Jewellers

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Jewellers
Jan Divecky
Jewellers.png
Our jewelry has always been taken care of by masters from Florence, Italy, the famous Piccolo-Espresso

family..

:Players Players: 2 - 8
:Time Length: unknown
:Complexity Complexity: Medium
Trios per color: 1
Number of colors: 5 or 6
Pyramid trios:
Monochr. stashes:
Five-color sets: 1
- - - - - - Other equipment - - - - - -
poker cards
Setup time: 1 minute
Playing time:
Strategy depth: Low
Random chance:
Game mechanics:
Theme: Jewells
BGG Link:
Status: Complete (v1.0), Year released: 2020
For more details, visit the author's page


What is the game about?

Our jewelry has always been taken care of by masters from Florence, Italy, the famous Piccolo-Espresso family. The products from their workshop were renowned for their high artistic value, excellent craftsmanship and timeless beauty. A few years ago, however, the family decided to change focus to another type of jewel, which they began to grow, roast, brew and sell as top quality coffee ... So our taste buds are taken care of, but still, the young prince needs a crown. We have a beautiful gold tiara in our jewelry box, but who will make it a properly decorated gem? Maybe just you! The game is designed for 3-8 players. The recommended age is 6+.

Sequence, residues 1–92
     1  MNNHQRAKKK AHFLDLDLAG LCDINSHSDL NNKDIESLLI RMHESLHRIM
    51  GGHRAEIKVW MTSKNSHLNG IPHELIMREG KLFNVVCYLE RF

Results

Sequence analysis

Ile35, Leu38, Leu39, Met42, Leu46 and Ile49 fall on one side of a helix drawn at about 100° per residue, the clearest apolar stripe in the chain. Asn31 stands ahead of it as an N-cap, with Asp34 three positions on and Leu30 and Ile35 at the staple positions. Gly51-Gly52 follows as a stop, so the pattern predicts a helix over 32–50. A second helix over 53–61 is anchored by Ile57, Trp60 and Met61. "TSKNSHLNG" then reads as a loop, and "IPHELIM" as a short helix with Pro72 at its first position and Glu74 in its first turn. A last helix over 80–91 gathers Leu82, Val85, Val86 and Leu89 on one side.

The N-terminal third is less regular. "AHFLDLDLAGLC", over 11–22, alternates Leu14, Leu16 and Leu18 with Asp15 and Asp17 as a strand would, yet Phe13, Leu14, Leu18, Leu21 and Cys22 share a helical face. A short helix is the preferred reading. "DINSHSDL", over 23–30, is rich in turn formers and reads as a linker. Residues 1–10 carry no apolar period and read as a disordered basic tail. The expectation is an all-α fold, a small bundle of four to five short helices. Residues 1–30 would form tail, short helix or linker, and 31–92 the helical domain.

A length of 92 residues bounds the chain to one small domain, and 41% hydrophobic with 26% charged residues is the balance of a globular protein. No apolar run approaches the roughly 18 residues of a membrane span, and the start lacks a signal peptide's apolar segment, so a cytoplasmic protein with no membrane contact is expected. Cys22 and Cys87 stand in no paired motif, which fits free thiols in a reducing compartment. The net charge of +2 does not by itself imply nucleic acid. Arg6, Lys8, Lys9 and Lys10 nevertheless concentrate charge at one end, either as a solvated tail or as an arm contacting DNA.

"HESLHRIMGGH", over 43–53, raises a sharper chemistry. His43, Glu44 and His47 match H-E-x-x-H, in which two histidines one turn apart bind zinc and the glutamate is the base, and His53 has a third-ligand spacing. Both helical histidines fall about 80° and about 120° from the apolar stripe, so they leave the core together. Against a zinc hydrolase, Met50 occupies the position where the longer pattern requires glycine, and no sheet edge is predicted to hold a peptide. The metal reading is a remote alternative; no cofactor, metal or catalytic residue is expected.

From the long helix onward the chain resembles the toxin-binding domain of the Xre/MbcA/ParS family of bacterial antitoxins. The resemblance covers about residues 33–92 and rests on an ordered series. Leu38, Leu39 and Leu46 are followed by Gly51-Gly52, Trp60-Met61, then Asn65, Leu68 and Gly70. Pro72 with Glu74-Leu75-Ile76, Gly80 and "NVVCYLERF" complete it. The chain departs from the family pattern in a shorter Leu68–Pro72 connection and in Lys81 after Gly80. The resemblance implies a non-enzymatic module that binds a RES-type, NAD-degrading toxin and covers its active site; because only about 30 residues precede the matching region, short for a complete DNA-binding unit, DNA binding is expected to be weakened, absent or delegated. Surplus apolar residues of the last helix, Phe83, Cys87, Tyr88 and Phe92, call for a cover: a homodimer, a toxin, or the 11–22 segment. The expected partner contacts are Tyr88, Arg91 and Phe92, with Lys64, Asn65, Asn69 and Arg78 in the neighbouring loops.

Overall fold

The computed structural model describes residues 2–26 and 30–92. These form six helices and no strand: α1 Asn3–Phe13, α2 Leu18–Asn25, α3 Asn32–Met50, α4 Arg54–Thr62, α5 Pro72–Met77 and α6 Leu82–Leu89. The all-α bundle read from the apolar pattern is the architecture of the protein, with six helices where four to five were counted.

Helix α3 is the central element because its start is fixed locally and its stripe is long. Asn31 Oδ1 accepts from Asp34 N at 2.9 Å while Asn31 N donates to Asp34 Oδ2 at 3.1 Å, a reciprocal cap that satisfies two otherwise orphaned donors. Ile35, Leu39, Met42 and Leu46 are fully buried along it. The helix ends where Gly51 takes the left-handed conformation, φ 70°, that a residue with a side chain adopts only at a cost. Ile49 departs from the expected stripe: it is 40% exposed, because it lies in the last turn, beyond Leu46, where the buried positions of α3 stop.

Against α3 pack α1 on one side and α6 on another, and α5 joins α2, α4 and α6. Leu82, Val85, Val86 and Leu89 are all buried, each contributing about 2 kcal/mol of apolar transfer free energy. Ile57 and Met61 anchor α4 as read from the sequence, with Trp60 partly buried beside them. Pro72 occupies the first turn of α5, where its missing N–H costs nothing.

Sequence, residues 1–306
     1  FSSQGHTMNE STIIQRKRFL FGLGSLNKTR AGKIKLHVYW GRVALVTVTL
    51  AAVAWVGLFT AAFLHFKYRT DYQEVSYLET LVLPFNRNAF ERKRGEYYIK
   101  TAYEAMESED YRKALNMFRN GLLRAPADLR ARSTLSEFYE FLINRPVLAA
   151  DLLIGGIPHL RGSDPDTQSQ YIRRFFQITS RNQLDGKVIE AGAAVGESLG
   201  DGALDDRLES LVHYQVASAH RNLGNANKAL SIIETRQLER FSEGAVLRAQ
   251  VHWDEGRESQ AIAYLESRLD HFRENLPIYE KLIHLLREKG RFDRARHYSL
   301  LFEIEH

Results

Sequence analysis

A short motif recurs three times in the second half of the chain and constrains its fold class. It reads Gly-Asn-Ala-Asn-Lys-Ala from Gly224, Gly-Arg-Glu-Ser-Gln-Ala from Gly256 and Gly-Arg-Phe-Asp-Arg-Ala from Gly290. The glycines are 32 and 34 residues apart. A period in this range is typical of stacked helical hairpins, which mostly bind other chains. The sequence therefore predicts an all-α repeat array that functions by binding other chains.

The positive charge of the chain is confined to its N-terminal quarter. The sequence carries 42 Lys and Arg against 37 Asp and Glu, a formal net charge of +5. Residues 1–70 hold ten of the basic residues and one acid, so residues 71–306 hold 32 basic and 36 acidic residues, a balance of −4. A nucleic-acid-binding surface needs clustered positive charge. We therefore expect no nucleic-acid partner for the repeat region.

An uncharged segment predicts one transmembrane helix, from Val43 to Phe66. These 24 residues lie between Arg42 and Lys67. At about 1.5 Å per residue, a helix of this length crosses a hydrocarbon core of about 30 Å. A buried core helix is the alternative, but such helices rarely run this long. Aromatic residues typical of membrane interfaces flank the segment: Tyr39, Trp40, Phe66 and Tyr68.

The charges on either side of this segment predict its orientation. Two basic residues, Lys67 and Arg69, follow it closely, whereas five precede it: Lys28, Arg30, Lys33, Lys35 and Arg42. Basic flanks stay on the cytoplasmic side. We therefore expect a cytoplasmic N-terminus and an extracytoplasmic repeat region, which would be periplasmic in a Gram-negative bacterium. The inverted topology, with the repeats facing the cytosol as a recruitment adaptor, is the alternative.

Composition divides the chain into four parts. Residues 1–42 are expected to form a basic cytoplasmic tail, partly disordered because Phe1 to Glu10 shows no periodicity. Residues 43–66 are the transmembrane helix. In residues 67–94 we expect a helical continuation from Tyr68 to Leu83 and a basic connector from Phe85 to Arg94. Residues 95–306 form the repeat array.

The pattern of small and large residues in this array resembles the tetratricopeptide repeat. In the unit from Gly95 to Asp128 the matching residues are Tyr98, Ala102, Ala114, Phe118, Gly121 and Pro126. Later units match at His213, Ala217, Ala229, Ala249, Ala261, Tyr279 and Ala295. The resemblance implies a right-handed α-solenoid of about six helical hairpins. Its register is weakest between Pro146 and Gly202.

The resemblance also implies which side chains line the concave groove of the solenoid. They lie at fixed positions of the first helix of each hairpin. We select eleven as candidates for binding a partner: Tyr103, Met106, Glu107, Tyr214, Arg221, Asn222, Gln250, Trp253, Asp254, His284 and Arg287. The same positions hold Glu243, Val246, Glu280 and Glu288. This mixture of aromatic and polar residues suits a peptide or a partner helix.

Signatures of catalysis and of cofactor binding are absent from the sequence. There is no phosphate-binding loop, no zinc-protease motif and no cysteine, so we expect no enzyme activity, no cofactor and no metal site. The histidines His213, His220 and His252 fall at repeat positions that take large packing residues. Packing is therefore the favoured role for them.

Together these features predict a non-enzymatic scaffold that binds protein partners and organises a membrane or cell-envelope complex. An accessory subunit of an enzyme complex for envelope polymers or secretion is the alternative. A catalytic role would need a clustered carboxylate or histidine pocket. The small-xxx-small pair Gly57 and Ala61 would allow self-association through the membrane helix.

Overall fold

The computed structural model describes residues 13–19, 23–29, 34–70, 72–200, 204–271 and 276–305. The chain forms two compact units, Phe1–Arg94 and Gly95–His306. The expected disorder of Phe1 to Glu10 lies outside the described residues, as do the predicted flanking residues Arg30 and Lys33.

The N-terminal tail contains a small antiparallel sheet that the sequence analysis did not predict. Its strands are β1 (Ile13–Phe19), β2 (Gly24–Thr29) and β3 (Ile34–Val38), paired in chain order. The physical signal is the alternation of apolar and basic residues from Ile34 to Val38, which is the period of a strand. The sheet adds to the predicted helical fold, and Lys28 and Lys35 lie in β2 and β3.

Game components

To play Jewellers you will need one game plan, one or two decks of cards, an opaque bag or a hat, and a set of gems (rubies, sapphires, emeralds, black pearls, and gold lilies). Families from more modest conditions can replace gems with a set of Looney pyramids.

Object of the game

Your goal is to get the most valuable set of gems (pyramids).

Game set up